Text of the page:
Being a successful Asterisk Consultant (Part 2)
Last time, I’ve contemplated upon the various aspects of being an Asterisk consultant, mainly judging these from the Asterisk/Open Source point-of-view. Today, I’d like to contemplate upon a different approach of being a consultant, mainly, the various aspects that are usually not associated with Asterisk consultancy, however, can increase your overall perception by your prospective customer.
Be Targeted, Don’t be Limited
Most Asterisk consultant tend to restrict themselves to the Asterisk arena, at best, they will expand their knowledge into the realms of SIP and networks – but never beyond that point. It is true that telephony makes for over 80% of the Asterisk consultancy world, however, Asterisk isn’t limited to telephony only. More than 40% of the people using Asterisk are utilizing it for something completely different. Ranging from simple IVR to complex Micro Payment systems, Asterisk is there. Surely you can consult about Asterisk, but imagine the benefit your customer will gain if you are able to advise about other issues as well?
You are most probably saying: “I’m an Asterisk expert, I can’t be a **** expert as well!’ – you’re not being asked be one. You are being asked to expand your horizons beyond the Asterisk realm, being asked to be able to answer preliminary questions about various subjects. Over the course of my work I’ve been asked about subjects as: Google Adwords, Business Models, possible business partners, applicability of solutions and many more. Surely, there are people more qualified than myself to answer each of these, however, being able to answer my customer in a short time yielded something interesting, my customer became more at ease consulting with me about other matters as well – sometimes surpassing the realms of VoIP and Networking. When I was unable to answer I always replied with: “I’m not an expert about this, but I can check it out”. If I had an answer I would reply: “Per the information that I have, the answer is ………., however, I do suggest talking to someone more skillful than I on these matters”. This approach yielded an interesting response from my customers, mainly, their appreciation at me being able to supply a form of preliminary answer for a question – while on the other hand admitting at the same time that I’m not the best at this field.
Subjects that are fairly close to Asterisk include: GPL compliance, programmatic approach, platform design, billing considerations, scalability and redundancy and more. Again, always target your knowledge to Asterisk and VoIP, but don’t be limited to these.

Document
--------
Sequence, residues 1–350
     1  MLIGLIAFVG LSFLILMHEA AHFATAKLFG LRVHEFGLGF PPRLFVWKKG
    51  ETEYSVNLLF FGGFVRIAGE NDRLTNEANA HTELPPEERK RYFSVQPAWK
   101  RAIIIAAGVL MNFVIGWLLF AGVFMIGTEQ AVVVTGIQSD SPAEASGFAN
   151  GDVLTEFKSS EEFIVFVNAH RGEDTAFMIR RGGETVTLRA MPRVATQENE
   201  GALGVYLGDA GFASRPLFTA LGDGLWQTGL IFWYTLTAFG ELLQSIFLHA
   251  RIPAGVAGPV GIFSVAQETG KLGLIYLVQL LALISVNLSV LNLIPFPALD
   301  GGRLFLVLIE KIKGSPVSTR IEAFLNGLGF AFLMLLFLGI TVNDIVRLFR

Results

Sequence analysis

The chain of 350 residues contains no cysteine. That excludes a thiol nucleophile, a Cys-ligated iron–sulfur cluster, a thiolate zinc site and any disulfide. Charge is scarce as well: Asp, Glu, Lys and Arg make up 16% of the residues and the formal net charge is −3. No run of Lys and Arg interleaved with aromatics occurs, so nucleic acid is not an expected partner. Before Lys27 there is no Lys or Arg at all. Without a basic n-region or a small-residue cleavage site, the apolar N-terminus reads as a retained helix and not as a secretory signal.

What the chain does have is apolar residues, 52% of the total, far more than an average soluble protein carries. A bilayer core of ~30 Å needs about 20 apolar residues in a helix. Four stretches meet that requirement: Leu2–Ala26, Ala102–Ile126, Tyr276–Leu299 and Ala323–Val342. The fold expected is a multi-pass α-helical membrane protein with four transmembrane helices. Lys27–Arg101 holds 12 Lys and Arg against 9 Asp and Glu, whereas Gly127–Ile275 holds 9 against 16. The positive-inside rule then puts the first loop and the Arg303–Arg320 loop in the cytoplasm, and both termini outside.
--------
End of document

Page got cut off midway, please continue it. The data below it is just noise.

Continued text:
Advocate for GPL compliance
As a consultant, you’ll be asked to perform various projects – some of these will most probably clash with the GPL spirit. If you encounter such a request, turn down this project immediately. There is no use or advancement by doing a project that violates the GPL code of conduct. No matter if you’re violating GPL v1, v2, v3 or any other of the Open Source license variants, at the end of the day, it will creep up behind you and bite you in the behind.
An Asterisk consultant who doesn’t advocate for GPL compliance is an outbound liar and a con-man. Consulting for the Asterisk market is prmoting the usage of GPL and Open Source software. Performing projects that violate both put you into the position of being perceived as a consultant without any code of conduct and no personal believes. You will be perceived as only being interested in money, thus, you will attract the type of customers you don’t want to attract.
The business partners you choose tell much about yourself. Sometimes, the big partners, which you really want to put their logo on your website as a partner is the wrong partner for you. Since the Q4 2008, my company had been approach by multiple companies wishing to become partners with my company – many have been declined. They were declined due to a simple reason – they were the wrong partners, even if they were companies generating over 25M$ of income per year. Does it make me sound stuck up and elitist, maybe, but there is no use partnering with a company that may clash with your own business model. Just like customers, partners tend to attract one another. Team up with the wrong partners, you’ll start attracting the wrong partners all over.